Traditional communities’ prize-winning coffee and cachaça at risk from Brazil mine

When you reach the cross atop the highest peak in the Santana mountains near Piat in the Brazilian state of Bahia, you can actually see the low clouds that surround the city in the foothills below. Since 2019, however, the cold climate of the Chapada Diamantina plateau, where the highest municipality in Bahia is located, is no longer the sole cause of the cloudy skies. As a result of blasting at the Mocó iron ore mine, the haze is currently composed of clouds of dust that float in the air.

“At first, the noise from trucks and the dust bothered us the most,” says Gemilson Bebiano, a resident of the Afro-Brazilian settlement of Bocaina on the outskirts of Piat.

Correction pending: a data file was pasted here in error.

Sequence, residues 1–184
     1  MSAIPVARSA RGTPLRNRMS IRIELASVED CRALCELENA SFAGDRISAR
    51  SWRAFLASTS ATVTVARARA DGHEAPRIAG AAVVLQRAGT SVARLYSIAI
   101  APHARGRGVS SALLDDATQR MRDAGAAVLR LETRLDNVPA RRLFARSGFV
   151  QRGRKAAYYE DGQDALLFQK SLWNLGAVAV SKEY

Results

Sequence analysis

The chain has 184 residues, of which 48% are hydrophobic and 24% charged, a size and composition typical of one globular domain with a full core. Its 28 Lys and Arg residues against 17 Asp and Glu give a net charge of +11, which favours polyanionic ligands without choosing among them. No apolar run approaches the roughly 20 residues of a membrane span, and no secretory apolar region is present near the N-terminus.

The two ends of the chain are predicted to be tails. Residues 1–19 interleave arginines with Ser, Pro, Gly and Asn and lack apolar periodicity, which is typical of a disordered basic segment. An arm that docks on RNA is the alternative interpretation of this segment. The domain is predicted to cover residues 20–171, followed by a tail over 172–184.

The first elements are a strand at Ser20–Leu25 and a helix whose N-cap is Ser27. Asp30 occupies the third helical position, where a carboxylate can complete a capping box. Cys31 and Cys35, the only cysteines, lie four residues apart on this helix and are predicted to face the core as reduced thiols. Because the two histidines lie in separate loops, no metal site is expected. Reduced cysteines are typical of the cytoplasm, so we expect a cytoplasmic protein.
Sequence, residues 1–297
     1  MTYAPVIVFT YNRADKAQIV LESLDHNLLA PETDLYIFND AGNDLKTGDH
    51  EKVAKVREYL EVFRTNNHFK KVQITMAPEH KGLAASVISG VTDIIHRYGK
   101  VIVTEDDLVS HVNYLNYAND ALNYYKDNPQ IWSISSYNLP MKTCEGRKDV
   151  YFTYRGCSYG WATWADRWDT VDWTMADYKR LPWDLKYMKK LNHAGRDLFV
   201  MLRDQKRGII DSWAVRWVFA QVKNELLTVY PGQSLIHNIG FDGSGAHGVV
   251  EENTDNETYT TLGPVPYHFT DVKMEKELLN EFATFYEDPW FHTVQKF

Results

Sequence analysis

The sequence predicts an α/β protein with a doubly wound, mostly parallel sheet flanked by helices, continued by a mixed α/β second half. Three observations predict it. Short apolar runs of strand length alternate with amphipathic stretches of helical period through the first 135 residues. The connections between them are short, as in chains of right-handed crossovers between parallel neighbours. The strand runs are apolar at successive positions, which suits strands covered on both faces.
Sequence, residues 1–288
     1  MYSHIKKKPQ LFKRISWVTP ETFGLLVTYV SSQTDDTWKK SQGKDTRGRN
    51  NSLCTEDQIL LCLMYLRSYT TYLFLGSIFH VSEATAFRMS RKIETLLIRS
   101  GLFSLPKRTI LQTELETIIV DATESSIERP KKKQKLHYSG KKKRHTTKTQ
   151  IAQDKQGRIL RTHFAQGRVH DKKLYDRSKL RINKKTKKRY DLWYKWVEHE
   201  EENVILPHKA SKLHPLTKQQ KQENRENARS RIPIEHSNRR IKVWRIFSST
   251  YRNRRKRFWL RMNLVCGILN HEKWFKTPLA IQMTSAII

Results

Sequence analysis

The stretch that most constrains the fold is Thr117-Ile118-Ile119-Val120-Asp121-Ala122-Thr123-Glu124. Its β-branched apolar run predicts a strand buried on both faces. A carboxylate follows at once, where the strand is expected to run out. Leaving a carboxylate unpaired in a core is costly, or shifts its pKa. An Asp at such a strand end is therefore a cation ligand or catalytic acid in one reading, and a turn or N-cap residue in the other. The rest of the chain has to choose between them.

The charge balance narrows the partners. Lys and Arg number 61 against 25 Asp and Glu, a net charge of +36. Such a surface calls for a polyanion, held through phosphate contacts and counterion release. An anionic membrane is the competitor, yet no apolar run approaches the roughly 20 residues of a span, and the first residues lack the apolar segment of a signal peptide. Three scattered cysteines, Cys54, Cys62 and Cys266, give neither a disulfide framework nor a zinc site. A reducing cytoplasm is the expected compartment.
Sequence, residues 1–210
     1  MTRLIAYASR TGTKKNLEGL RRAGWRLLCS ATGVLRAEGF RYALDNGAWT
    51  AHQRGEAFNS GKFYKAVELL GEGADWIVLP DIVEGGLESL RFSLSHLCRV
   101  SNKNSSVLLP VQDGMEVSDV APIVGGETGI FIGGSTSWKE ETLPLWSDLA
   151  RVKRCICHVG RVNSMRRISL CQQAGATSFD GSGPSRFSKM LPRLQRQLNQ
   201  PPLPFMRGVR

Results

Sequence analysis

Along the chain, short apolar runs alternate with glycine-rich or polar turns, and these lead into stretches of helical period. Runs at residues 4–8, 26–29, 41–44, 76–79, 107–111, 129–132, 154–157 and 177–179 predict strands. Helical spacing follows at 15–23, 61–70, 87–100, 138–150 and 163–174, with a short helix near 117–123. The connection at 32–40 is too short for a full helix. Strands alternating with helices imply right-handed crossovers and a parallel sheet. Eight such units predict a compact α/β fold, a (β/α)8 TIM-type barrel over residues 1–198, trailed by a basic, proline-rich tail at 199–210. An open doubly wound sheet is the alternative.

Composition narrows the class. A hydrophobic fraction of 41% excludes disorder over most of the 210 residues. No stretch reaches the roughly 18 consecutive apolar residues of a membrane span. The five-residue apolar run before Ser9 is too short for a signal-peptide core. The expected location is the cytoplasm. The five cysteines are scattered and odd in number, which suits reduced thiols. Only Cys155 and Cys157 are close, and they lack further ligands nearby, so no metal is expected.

“When we looked up at the hills, it appeared to be raining,” says Bebiano, a distiller of cachaca, the traditional Brazilian sugarcane spirit. It looked exactly like drizzle was falling.

Brazil Iron, a subsidiary of the U.K.-based holding company Brazil Iron Trading Limited, operates the mine. Since acquiring mining rights in the Chapada Diamantina in 2011, the company has gone by several different names, but has always been engaged in prospecting and mining in the region, primarily in the municipalities of Piat, Abara, and Jussitape.

The source of the Bebedouro River, which is the primary source of freshwater for the Bocaina quilombo, has been contaminated by Brazil Iron’s mining operations. At least two additional springs in Abara are also at risk, as exploration for future mining is currently underway. The company’s growing presence in the region is causing concern among coffee and cachaca producers due to the negative effects it has.

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